This award was formally named “Living with Illness”. Our Excellence in Quality category names changed in 2020 to reflect the updates to our BC Health Quality Matrix. Visit our Categories and Criteria page to find out more.

Patients who are diagnosed with cancer are a vulnerable population and have six times the risk of a blood clot developing inside a blood vessel (Venous Thromboembolism (VTE)) annually when compared to the general population. This risk increases after any cancer treatment procedures are applied because of tissue injury and immobility during recovery.

Members of the BC Cancer Agency Patient VTE Prophylaxis Team accepting their plaque from BCPSQC Chair Doug Cochrane at Health Talks
Members of the BC Cancer Agency Patient VTE Prophylaxis Team accepting their plaque from BCPSQC Chair Doug Cochrane at Health Talks

Approximately 70% of blood clots that occur inside blood vessels occur while patients are at a hospital. VTE events are the most preventable cause of death in the hospital setting. In BC, the number of patients with hospital-acquired VTE is estimated to be 3,000 annually – with up to one third of patients developing long-term complications such as post-thrombotic syndrome (lingering pain, swelling, redness or ulcers and limited mobility), or chronic high blood pressure. The burden of hospital-acquired VTE on health care resources is substantial.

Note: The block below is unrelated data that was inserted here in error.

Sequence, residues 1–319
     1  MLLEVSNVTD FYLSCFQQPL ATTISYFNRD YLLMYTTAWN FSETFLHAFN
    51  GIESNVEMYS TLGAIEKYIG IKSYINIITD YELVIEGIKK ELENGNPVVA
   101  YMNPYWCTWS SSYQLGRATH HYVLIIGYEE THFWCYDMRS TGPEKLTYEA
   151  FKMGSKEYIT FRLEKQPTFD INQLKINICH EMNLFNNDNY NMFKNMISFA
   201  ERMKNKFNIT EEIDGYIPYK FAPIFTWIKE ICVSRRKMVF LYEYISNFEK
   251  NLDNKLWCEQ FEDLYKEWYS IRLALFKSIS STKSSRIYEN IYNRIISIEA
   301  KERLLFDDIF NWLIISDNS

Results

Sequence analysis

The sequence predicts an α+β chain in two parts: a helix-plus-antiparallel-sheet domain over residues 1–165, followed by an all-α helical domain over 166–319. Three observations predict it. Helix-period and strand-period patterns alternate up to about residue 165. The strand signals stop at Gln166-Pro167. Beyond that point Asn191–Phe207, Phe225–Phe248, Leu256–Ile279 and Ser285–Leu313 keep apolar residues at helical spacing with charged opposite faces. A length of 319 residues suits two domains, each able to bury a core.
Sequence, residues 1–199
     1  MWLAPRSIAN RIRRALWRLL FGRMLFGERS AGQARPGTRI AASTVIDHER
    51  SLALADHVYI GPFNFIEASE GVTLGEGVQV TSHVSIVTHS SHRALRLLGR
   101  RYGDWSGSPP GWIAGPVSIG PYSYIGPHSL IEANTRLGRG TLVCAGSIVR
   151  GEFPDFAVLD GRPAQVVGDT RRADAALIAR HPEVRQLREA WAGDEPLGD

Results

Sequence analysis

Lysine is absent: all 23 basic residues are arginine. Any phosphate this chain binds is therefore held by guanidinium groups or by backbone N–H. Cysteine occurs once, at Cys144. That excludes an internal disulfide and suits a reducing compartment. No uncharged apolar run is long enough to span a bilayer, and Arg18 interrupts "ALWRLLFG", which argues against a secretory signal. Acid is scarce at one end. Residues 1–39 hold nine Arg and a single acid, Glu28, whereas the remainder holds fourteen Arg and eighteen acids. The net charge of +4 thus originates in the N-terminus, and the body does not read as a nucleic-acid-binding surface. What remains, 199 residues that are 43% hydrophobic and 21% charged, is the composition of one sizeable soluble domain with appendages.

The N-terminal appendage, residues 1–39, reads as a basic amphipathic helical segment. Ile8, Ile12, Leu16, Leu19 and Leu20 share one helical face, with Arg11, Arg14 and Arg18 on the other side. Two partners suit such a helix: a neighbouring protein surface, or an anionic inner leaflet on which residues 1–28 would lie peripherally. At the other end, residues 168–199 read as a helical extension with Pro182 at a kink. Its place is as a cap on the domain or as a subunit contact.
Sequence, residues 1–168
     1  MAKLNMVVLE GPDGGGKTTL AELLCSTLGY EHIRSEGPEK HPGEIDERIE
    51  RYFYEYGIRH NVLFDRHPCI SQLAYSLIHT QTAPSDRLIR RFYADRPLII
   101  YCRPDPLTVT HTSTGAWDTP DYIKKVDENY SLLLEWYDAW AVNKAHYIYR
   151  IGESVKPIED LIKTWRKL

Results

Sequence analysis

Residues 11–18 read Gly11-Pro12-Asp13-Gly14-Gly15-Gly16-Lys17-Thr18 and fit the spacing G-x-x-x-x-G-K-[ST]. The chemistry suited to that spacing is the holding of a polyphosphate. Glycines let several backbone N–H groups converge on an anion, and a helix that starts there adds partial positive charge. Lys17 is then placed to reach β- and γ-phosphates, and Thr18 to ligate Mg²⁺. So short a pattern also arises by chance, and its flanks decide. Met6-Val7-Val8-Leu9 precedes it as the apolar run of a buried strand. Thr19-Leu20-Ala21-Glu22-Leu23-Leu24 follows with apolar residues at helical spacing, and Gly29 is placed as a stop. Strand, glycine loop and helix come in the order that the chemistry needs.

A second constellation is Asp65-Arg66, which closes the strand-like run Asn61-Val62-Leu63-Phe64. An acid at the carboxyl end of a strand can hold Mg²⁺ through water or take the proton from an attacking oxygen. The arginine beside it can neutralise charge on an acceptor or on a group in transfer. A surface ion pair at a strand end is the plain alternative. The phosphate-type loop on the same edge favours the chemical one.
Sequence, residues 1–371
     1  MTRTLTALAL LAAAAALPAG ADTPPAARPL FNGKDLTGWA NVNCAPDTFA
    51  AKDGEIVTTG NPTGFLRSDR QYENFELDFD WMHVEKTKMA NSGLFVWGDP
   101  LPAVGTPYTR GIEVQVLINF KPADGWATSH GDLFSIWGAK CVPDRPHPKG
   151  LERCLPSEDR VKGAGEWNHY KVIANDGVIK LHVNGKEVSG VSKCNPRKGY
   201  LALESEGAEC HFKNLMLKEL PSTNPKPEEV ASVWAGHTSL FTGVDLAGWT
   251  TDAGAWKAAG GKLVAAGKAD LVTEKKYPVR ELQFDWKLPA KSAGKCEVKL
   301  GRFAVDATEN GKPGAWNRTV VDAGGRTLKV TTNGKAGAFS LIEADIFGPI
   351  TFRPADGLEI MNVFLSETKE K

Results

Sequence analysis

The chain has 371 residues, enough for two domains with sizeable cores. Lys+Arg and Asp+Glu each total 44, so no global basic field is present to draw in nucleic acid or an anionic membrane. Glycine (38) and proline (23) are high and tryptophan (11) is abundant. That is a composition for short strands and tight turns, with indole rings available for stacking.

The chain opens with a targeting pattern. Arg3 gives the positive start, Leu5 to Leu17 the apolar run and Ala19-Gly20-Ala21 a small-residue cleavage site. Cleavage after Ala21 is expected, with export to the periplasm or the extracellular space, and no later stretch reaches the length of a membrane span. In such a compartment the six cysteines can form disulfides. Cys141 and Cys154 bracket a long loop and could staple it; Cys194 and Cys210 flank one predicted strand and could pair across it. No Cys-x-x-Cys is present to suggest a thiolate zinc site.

At the BC Cancer Agency, only 15% of patients were receiving VTE prophylaxis (VTEP) to reduce the risk of VTE-related complications, but evidence suggests at least 90% of cancer patients could benefit from the practice. An interdisciplinary and cross agency team, including patients, collaborated and used innovative process redesign to attempt to increase the number of eligible patients receiving VTEP from 15% to 100%.

The team set out to achieve this by simplifying the patient admission process.The VTEP assessment and an intervention checklist were incorporated into a new, user-friendly pre-printed admission order checklist. Oncology physicians would often have to write many of their admission orders by hand; but the team optimized compliance through the use of a form that made the overall admission process easier, faster and safer for patients.

The team also decided to use a blood thinner that was more convenient and did not require patients to receive as many injections as the previous anticoagulant. All of these steps made the process easier for physicians, while at the same time reducing the workload for nursing and unit clerk staff.

The team achieved its goal of 100% of eligible patients receiving VTEP in early Fall 2011 – well ahead of the project’s target date. Ongoing audits reveal that the gains have been sustained throughout 2012. The team also reports that patients are now better informed and have a voice in asking for and receiving VTEP as appropriate for their health and safety.